Cities In Crisis Factsheet

Building Biology Principles of Community Planning

Principles 2-4 of the Building Biology Principles concern Community Planning:

  1. Place dwellings so occupants are undisturbed by sources of man-made air, soil, water, noise and electro-pollution.
  2. Place dwellings in well-planned communities that provide ample access to fresh air, sunshine and nature.
  3. Plan homes and developments considering the needs of community, families and individuals of all ages.

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These 3 principles although very general must be considered in conjunction with all of the other Building Biology principles of health and ecology that are applied to individual dwellings, including issues of energy efficiency, electromagnetic radiation safety, design for climate and the broadest implications of social well-being and ecology. How do we reconcile human health and ecological living in our cities today with the challenges of air, land and water pollution, the automobile, social problems, and zoning restrictions? In Building Biology, we use nature as the gold standard. By this we mean that we try to emulate the conditions that exist in nature to enhance life. In nature the key to success is symbiosis whereby complex systems operate optimally together in a mutually beneficial relationship.

How do we define and create “well-planned” communities?

How can we meet the needs of community, families and individuals of all ages? These are the questions we will explore throughout the Community Planning set of 4 mini courses.

“Cities in Crisis” is the first of the Building Biology on-line mini-courses about community planning.

In it we examine the beginnings of human settlement in Europe, the growth of the city and the planning theories that shaped the built world up until the time of Bau-Biologie’s formation in Germany in the 1960’s.

For thousands of years humans settled in community within the natural world and the practice of geomancy shaped human settlement. As the complexity of cities grew various theories emerged regarding the ideal size, shape, and arrangement of cities. From the early city-states to suburbs and modern mega cities, community planning theories have been explored in attempt to solve the problems unique to each era of history.  With the Industrial revolution a rapid and unprecedented migrations to the city brought with it massive problems of sanitation, overcrowding, urban poverty and crime.

Two theories of how to solve the ills of our cities emerged in the early 20thcentury and were the backbone of planning decisions at the time of Building Biology’s formation. Both, as they came to be realized through early 20thcentury planning initiatives, had major negative impacts on the health of our cities.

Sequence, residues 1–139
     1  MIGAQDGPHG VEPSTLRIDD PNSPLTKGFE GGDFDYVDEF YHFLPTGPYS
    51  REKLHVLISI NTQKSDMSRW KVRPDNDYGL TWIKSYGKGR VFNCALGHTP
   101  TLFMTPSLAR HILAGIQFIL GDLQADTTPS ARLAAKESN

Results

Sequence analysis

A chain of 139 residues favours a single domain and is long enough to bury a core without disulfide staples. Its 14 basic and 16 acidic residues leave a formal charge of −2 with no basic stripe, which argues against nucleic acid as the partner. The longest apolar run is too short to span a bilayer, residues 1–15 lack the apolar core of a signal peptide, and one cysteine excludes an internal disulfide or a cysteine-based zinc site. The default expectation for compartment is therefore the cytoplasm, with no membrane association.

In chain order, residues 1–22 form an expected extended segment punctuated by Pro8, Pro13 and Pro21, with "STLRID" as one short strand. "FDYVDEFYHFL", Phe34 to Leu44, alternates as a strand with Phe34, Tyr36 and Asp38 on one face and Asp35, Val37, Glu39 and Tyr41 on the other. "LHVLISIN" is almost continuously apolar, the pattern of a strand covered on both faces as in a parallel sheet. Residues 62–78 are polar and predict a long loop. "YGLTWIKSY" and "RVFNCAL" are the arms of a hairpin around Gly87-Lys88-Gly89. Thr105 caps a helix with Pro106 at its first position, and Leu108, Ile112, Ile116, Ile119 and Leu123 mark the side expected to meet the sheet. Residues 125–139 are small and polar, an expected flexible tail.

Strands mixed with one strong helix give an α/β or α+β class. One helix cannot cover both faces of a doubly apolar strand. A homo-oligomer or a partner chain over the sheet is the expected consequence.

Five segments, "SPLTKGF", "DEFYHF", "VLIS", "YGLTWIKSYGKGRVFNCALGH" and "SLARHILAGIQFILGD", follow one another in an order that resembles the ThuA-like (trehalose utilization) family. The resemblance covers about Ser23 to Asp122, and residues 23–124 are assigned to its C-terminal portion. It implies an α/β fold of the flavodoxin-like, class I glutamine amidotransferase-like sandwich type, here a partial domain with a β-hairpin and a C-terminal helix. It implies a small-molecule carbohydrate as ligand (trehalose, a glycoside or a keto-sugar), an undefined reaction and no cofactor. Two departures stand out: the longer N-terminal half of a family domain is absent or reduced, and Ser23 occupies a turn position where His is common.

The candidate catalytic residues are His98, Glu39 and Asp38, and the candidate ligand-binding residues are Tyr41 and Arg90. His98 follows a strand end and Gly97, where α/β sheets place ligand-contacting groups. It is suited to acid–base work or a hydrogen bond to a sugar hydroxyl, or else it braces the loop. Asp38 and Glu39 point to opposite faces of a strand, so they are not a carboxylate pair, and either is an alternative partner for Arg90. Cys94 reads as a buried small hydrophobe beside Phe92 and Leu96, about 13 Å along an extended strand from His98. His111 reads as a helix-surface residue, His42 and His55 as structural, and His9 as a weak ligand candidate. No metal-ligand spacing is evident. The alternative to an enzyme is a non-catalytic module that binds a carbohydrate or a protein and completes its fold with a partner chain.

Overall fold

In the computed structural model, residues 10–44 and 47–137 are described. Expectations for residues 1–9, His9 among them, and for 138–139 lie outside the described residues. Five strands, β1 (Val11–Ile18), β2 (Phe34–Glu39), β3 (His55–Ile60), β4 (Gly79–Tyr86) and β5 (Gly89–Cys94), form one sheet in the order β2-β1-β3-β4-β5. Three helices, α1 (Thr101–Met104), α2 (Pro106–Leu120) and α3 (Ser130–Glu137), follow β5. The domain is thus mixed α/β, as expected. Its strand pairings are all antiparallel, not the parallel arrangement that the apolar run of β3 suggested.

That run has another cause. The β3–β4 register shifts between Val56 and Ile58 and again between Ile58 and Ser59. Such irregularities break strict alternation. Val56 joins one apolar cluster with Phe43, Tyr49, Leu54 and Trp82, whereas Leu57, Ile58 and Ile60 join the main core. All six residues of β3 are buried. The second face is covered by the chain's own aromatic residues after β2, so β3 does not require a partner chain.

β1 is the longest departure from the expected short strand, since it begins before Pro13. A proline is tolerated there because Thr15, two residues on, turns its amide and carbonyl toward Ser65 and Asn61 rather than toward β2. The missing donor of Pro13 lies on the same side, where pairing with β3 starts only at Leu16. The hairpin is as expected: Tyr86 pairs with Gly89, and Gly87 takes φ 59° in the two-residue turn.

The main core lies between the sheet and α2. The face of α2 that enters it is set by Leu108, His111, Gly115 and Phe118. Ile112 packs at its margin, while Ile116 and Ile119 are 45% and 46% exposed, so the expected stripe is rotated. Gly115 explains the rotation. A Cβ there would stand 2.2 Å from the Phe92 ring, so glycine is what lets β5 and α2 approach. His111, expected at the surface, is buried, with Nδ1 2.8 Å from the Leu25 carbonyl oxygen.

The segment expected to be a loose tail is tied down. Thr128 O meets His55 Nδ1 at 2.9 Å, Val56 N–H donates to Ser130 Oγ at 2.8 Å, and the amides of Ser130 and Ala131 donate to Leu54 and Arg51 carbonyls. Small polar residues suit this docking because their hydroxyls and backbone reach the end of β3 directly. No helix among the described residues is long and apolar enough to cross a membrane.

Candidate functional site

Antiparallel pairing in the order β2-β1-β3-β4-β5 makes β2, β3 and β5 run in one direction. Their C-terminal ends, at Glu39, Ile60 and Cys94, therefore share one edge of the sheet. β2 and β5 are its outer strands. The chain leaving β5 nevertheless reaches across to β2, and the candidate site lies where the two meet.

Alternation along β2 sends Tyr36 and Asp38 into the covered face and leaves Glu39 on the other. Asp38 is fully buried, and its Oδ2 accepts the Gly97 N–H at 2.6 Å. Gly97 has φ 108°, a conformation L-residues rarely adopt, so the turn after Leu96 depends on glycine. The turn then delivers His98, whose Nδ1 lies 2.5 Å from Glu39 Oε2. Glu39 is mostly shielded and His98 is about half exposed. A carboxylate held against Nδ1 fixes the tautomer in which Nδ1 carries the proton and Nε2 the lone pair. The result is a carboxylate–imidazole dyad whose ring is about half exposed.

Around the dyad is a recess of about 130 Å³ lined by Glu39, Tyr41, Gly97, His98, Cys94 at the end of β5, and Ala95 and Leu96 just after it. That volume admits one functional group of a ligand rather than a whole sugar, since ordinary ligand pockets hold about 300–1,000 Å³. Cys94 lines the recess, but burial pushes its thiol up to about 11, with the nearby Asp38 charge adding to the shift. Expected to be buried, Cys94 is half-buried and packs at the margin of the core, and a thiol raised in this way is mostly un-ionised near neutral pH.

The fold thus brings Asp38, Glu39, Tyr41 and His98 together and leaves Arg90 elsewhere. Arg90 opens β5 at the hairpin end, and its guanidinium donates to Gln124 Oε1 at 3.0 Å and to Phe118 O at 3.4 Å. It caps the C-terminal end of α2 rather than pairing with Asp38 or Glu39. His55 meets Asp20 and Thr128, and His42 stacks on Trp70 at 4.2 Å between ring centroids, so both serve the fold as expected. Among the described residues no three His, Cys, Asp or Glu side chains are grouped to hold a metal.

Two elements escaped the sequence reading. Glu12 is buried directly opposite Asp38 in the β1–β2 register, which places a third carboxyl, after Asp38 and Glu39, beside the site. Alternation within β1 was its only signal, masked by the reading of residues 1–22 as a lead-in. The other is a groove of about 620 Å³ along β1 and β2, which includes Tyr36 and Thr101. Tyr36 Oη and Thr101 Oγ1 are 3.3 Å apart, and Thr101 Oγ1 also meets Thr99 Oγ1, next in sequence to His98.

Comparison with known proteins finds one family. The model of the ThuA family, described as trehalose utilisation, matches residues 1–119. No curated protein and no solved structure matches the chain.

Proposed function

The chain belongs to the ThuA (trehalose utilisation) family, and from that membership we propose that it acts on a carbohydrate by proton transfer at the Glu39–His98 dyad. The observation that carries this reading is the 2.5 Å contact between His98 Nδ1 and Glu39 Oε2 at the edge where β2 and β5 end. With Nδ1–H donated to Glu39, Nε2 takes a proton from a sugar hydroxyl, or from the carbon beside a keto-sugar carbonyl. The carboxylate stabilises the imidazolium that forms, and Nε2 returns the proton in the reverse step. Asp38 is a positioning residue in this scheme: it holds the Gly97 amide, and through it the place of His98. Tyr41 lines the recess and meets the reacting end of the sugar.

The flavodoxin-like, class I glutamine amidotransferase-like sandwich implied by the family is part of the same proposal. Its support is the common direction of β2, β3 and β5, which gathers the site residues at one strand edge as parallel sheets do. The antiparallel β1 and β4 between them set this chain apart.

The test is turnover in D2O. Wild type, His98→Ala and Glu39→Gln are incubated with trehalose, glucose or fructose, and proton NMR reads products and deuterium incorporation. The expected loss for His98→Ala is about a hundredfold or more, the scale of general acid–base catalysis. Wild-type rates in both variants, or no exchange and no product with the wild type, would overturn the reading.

Decentralization, sought to solve the over population and rising crime rates within the congested cities by enticing the population out of the city into planned communities. The Garden City Movement championed by Ebenezer Howard resulted many desirable “new town” developments throughout North America and Europe but the credo of fresh air and a patch of grass for everyone also resulted in massive suburban sprawl and along with it sterile, automobile-dependent suburbs that robbed once vital city centers of their tax basis replacing their former vibrancy with urban blight.

Centralization sought to solve over population and ground congestion by stacking the population into high rise towers leaving the ground as a park-like landscape with mass underground transit joining the network of work and living towers.   Championed by Le Corbusier and the Radiant City Movement, the resultant popularity of slum clearance projects lead to the bulldozing of valuable urban fabric and replacement with ill-conceived, crime-ridden high rise public housing projects that remain a scourge of so many cities today.

Jane Jacobs, in her poignant critique of both schools, summarizes the state of community planning in the early 1960’s: “In its relatively easy public reception Le Corbusier’s Radiant City depended upon the Garden City. The Garden city planners and their ever increasing following among housing reformers, students and architects were indefatigably popularizing the idea of the super block, the project neighborhood, the unchangeable plan, and grass, grass, grass: What is more they were successfully establishing such attributes as the hallmarks of humane, socially responsible, functional, high-minded planning.”  Death and Life of Great American Cities.

The Building Biology Principles for healthy community planning were born in the light of the failure of the current planning ethos to create vital cities that served the health and well-being of their citizenry.

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